With the price of foreign oil currently hovering around $40 per barrel and threatening to go higher, it's not surprising that talk is turning to alternative energy sources as it did following the 1973 oil crisis.

Proponents are in the nation's capital extolling wind power's potential for supplying a large chunk of the nation's electricity. The gathering includes some 300 engineers, consultants, manufacturers, scientists and visionaries seeking a sympathetic ear in Congress.The group is asking to have wind power exempted from proposed energy taxes now being considered in Congress. And they would like President Bush to heed the Energy Department's suggestion for a 2 cents per kilowatt hour subsidy on wind-generated power.

The group laid out strong arguments for more federal interest. A study by Pacific Northwest Laboratories indicates 1.5 percent of the land area of the 48 contiguous states generates usable winds averaging 16 miles per hour at a level 50 meters above the Earth's surface. These winds are presently turning 15,000 turbines in California to produce 2.2 billion kilowatts of power annually. The most compelling argument is the environmental benefit - no pollution of any kind.

Unfortunately, wind power and its cousin, solar power, cannot entirely solve the energy crisis. While they could help immensely in meeting the nation's growing demand for electricity, they provide little hope in meeting an equally great need for fuel. Cars, trucks, jet airplanes, ocean going ships and other fuel-powered vehicles are critical to world commerce.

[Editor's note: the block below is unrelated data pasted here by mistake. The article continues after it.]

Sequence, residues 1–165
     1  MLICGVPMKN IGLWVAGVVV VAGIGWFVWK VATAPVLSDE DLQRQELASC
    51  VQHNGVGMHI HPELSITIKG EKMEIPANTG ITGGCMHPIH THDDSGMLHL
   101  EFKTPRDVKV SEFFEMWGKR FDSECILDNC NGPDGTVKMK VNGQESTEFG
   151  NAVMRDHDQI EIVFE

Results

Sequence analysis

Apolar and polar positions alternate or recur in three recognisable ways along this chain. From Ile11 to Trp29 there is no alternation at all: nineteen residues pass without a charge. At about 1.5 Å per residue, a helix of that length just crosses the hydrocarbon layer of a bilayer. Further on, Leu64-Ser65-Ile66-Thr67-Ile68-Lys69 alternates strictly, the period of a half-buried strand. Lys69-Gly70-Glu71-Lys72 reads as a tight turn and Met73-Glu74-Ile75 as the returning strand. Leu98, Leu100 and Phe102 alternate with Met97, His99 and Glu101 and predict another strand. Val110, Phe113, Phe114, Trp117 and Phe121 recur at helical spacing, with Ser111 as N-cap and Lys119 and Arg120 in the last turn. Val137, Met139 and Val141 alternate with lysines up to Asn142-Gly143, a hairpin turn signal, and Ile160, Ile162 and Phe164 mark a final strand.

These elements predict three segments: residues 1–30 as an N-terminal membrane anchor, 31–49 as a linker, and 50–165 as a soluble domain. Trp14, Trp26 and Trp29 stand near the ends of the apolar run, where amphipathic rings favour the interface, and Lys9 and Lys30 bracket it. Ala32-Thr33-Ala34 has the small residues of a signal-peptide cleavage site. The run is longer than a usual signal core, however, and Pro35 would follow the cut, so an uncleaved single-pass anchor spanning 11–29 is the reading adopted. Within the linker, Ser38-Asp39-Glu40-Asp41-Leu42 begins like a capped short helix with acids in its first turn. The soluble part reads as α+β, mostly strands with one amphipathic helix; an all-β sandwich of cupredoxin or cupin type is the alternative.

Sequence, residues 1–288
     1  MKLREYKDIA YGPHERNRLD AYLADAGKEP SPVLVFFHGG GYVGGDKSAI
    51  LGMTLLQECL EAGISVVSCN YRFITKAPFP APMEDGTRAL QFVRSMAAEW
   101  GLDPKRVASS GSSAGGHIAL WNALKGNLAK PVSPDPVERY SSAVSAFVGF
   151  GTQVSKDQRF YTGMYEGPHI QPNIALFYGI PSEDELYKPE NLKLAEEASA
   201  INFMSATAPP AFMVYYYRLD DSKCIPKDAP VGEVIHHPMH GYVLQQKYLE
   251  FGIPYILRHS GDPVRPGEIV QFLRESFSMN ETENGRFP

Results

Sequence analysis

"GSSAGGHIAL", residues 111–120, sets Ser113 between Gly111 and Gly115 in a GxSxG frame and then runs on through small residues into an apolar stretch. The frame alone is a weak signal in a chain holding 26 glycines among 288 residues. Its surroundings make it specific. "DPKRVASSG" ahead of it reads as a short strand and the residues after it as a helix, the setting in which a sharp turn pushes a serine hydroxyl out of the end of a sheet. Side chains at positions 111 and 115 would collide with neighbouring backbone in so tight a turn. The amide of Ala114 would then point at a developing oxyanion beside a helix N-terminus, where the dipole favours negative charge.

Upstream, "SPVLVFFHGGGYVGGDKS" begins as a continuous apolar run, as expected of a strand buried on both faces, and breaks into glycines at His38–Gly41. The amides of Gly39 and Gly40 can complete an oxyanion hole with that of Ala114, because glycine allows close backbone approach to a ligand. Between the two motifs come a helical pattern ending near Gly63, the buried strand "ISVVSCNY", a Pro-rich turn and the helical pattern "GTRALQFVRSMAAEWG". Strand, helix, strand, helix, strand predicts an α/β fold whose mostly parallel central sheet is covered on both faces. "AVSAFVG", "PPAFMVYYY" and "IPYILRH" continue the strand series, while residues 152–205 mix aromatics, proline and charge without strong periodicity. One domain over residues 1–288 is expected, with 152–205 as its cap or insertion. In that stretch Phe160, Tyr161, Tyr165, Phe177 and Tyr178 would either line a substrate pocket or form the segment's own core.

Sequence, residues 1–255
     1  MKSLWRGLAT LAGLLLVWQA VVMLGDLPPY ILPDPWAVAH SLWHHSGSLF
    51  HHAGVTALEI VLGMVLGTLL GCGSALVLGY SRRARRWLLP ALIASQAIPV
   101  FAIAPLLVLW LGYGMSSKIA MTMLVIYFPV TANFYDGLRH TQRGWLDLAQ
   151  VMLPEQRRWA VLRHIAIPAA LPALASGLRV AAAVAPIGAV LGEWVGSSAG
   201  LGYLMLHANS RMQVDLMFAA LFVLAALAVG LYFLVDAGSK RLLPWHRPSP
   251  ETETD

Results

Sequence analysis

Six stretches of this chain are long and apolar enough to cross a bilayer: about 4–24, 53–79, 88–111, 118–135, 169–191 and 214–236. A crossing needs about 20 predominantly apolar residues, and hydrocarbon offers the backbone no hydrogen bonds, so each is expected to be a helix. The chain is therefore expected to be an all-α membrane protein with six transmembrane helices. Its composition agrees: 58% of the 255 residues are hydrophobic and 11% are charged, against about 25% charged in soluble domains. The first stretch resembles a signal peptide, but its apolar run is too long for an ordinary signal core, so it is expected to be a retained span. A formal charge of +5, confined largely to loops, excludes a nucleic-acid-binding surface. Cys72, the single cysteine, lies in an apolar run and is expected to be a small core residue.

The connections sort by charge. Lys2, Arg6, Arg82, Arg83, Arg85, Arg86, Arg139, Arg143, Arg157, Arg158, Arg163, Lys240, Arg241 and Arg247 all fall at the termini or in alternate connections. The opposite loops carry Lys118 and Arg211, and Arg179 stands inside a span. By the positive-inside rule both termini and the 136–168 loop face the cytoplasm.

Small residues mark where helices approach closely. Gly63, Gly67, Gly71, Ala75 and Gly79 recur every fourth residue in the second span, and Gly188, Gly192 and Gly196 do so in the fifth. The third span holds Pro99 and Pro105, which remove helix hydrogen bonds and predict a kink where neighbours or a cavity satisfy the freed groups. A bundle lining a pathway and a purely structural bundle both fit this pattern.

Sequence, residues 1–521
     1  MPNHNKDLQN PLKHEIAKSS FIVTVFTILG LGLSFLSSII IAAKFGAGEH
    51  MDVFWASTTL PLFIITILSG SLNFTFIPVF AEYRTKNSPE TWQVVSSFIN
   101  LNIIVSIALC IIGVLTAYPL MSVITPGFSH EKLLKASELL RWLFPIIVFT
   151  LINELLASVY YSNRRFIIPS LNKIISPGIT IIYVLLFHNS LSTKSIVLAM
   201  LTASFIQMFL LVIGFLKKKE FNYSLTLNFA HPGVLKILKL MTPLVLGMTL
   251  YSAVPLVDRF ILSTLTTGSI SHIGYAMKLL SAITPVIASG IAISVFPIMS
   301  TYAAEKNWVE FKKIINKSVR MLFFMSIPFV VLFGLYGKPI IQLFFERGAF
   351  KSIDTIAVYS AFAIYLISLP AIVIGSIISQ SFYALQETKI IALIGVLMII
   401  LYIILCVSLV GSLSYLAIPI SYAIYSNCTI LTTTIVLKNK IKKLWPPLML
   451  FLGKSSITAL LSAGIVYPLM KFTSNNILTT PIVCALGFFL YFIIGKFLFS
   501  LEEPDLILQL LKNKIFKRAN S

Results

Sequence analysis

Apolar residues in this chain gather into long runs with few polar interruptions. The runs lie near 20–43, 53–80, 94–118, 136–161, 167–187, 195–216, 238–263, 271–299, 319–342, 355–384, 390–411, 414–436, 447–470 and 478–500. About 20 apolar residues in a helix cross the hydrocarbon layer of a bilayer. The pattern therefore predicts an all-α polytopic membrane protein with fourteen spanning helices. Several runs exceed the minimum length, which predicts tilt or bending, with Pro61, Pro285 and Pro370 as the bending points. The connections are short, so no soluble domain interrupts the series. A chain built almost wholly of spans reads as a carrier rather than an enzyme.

The United States should begin development of other oil-related alternatives such as oil shale and tar sands. Research in these areas came to a virtual standstill as Middle East oil fields increased production in the early 1980s, production that led to a worldwide oil glut in recent years.

Along with wind and solar power development, the United States should look at alcohol-based fuels. With an ongoing surplus of grain available to develop alcohol-based fuels, the time is right to increase development and promote production of alcohol-based fuels. And, though it remains unpopular with the general public, nuclear power also needs further consideration.

And don't forget conservation. Simply reducing use of gasoline is perhaps the best quick fix alternative for the short-term. Unfortunately, it will not provide a total long-term solution.